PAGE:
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Erythritol, Safe to use sweetener or not

Erythritol is one of the best sweeteners out there that is purely natural and has no calories at all and it’s gaining in popularity by the day. On top of that it seems like it is much better then Aspartame which has been controversial to say the least. Erythritol is actually a Sugar Alcohol, much like xylitol that is similar artificial sweetener.

A lot of people, when it comes to choosing their sweetener, lean towards erythritol because of its ability to lower the amounts of sugar and calories in their food or drinks. It’s not unheard of to find it as compound in low-sugar, Carb-Free and sugar-free foods, although there are some downsides that you need to take into consideration; truth be told, if it’s consumed in large quantities it’s known to incite nausea and Stomach turbulence.

Our body doesn’t have to potential to break down the erythritol and this is the main reason why it doesn’t supply the consumer with sugar or extra calories. So, in short it enters your body but never gets assimilated.

The question, if erythritol is the safe, go-to natural sweetener to replace Sugar remains but in case it’s derived from GMO cornstarch, then it’s not safe at all. It’s absolutely not our suggestion because there are a much better and healthier sweeteners available on the market. On the other hand if it’s a non-GMO erythritol then I would agree that it’s a smarter choice than a bunch of other artificial sweeteners if you’re on low-carb food regiments (like keto diets) nevertheless I’m still convinced there are better sweeteners then erythritol.

Erythritol gets absorbed quickly in the small intestine but it’s hardly assimilated and it’s improbable that it has similar health advantages like other natural sweeteners like monk fruit and raw honey. Just because erythritol doesn’t contain any calories and seems to not increase or decrease Blood Sugar, it doesn’t have to be good for your wellbeing.

What Is Erythritol?

If you occasionally read the labels (and you should), you probably caught that a new kind of sweeteners such as sucralose (Splenda®) and natural no-calorie sweetener erythritol have risen in popularity as of late, particularly in energy drinks, chocolate bars and sports drinks. This fact is probably bugging you and you’re asking yourself what is erythritol?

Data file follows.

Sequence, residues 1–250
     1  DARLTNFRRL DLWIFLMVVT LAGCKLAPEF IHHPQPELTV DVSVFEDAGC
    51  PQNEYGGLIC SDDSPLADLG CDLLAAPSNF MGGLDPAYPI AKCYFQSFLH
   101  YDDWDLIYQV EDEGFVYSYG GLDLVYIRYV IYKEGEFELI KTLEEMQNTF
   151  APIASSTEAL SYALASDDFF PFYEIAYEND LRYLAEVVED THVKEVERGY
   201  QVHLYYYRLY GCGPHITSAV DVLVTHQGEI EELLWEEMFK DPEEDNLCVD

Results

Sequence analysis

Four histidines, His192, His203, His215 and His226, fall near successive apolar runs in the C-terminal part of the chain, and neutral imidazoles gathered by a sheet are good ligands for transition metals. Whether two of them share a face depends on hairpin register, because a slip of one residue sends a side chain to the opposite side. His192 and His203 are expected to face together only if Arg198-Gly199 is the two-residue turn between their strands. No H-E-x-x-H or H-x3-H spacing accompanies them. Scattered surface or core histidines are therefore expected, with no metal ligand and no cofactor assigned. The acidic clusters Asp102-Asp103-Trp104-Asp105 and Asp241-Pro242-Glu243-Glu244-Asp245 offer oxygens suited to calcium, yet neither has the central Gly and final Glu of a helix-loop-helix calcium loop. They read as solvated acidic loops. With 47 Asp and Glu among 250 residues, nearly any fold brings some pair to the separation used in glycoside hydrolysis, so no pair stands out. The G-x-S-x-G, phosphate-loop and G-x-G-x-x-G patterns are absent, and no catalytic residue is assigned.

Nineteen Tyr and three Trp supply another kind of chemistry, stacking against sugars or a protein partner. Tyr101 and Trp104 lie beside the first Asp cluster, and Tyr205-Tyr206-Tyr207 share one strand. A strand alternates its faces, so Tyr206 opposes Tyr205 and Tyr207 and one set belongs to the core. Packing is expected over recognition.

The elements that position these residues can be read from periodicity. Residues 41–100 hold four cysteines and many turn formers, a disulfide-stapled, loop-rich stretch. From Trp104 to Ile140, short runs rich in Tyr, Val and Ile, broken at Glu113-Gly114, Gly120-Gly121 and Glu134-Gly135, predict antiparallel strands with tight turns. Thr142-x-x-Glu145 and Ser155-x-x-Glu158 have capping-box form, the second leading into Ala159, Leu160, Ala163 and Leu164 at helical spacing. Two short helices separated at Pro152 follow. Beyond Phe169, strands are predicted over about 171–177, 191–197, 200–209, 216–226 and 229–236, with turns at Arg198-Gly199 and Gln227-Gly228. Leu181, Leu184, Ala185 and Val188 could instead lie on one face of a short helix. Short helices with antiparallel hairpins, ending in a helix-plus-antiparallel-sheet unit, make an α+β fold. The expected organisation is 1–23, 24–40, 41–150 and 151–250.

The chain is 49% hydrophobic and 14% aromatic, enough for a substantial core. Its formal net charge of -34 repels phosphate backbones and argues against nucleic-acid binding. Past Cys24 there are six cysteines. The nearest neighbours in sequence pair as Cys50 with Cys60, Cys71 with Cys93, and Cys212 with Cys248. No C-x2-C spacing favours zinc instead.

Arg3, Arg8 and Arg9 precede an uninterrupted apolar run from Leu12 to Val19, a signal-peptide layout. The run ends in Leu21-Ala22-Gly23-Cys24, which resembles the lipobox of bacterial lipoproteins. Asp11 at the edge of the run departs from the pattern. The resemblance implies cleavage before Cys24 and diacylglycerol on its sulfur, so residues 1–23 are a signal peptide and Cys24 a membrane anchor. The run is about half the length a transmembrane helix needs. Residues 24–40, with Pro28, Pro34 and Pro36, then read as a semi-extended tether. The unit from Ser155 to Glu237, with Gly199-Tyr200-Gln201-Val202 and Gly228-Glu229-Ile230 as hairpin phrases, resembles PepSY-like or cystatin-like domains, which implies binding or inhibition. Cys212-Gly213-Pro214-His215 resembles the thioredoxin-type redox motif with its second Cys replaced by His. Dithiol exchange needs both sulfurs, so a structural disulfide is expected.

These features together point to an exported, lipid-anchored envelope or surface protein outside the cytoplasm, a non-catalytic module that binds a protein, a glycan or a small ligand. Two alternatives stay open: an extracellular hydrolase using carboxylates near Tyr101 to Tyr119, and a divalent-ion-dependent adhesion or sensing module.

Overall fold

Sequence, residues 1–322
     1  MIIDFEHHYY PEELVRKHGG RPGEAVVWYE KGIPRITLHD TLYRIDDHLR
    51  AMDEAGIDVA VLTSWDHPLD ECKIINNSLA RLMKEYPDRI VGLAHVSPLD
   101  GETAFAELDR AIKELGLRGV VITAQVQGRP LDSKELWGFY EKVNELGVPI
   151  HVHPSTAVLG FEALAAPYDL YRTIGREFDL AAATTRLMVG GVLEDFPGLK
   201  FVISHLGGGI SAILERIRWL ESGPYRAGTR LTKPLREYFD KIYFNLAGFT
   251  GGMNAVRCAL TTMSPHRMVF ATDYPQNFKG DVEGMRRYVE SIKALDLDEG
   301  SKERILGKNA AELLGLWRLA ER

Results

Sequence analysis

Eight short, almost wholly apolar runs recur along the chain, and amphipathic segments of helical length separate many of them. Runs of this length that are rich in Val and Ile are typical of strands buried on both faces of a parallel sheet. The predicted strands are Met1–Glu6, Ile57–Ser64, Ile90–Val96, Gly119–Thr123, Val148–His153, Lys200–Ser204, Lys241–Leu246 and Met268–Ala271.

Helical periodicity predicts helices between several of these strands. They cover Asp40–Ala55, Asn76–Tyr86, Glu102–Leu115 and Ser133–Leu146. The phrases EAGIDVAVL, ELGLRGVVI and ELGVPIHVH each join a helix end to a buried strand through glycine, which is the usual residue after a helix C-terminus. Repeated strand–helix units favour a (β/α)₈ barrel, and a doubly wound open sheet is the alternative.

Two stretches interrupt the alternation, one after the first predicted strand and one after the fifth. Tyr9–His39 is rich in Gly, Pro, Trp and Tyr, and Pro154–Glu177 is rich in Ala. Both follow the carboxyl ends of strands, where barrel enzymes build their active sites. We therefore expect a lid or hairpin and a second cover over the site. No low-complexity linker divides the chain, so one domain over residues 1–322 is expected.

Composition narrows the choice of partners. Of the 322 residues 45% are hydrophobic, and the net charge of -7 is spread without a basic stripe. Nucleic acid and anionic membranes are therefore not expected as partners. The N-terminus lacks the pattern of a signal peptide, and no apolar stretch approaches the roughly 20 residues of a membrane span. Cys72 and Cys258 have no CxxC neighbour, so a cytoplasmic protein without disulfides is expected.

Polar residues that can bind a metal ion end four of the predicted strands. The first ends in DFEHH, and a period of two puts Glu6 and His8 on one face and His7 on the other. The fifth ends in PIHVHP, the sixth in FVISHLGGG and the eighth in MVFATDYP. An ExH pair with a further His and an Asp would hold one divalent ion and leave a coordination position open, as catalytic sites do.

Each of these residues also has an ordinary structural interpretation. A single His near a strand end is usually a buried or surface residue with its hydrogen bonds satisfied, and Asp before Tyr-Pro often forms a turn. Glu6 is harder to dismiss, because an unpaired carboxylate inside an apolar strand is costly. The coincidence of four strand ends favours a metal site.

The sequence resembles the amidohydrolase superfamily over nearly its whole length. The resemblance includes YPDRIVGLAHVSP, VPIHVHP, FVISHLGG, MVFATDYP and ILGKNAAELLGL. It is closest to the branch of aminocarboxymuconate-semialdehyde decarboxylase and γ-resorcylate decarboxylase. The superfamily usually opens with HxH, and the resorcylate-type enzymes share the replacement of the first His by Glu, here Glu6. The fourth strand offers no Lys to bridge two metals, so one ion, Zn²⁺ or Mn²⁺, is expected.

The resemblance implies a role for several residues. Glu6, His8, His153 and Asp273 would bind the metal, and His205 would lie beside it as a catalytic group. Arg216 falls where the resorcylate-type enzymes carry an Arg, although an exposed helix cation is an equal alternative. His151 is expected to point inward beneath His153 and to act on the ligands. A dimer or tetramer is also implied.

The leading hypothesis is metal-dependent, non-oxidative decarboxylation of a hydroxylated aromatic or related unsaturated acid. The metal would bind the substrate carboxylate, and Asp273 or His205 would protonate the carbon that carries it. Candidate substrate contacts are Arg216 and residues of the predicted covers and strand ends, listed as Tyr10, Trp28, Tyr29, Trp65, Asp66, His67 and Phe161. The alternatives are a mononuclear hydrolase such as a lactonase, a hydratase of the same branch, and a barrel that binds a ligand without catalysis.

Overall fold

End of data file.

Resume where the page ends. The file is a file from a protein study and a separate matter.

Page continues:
It’s formed naturally in select fruits and fermented Nourishments, but the one people producers add nowadays to foods and drinks is usually man-made from GMO cornstarch which is an ultra-processed food which is the furthest away from natural sweetener and it’s because of some of the infamous “invisible GMO ingredients”.

Erythritol is actually a four-carbon sugar alcohol or polyol that has around 60-80% of the sweet taste of normal sugar. Some Sugar Alcohols include lactitol, isomalt, mannitol, maltitol, sorbitol/glucitol, glycerol/glycerin and xulitol. Fruits including pear, grapes and watermelon have small quantities of erythritol just like fermented cheese, mushrooms, fermented sake, fermented wine and fermented beer.

Erythritol, Safe to use sweetener or not

This sweetener was discovered back in 1848 at the hands of John Stenhouse, a Scottish chemist. It’s been used in Japan as far back as the 1990s in products like jellies, jams, candies, chocolate, beverages, yogurt and often as a substitute for sugar. Its popularity has risen in the US not too long ago. Since 1997 it’s been approved by the FDA as safe and many people immediately fell in love with it because it contains 80% of the sweetness of sugar but it has no calories and keep the blood sugar levels in check.

In the meantime, select scientists say that’s it’s possible that it also supplies antioxidants to the consumer. In a rat that has Diabetes, erythritol appeared to act as antioxidant (fighting free radicals) it might have even given protection against hyperglycemia-induced vascular damage.

Erythritol, as of late, is often used in a lot of packaged food, drinks, snacks as well as sugar-free gums, mints and some meds. It’s possible to buy it even as a powdered or granulated no-calorie sweetener such as Zsweet and Swerve (no-GMO certification coming from France). And another thing about erythritol that is interesting is that it’s commonly found in baked products because it’s hygroscopic which means it doesn’t absorb moisture from the air and doesn’t make the baked products dry.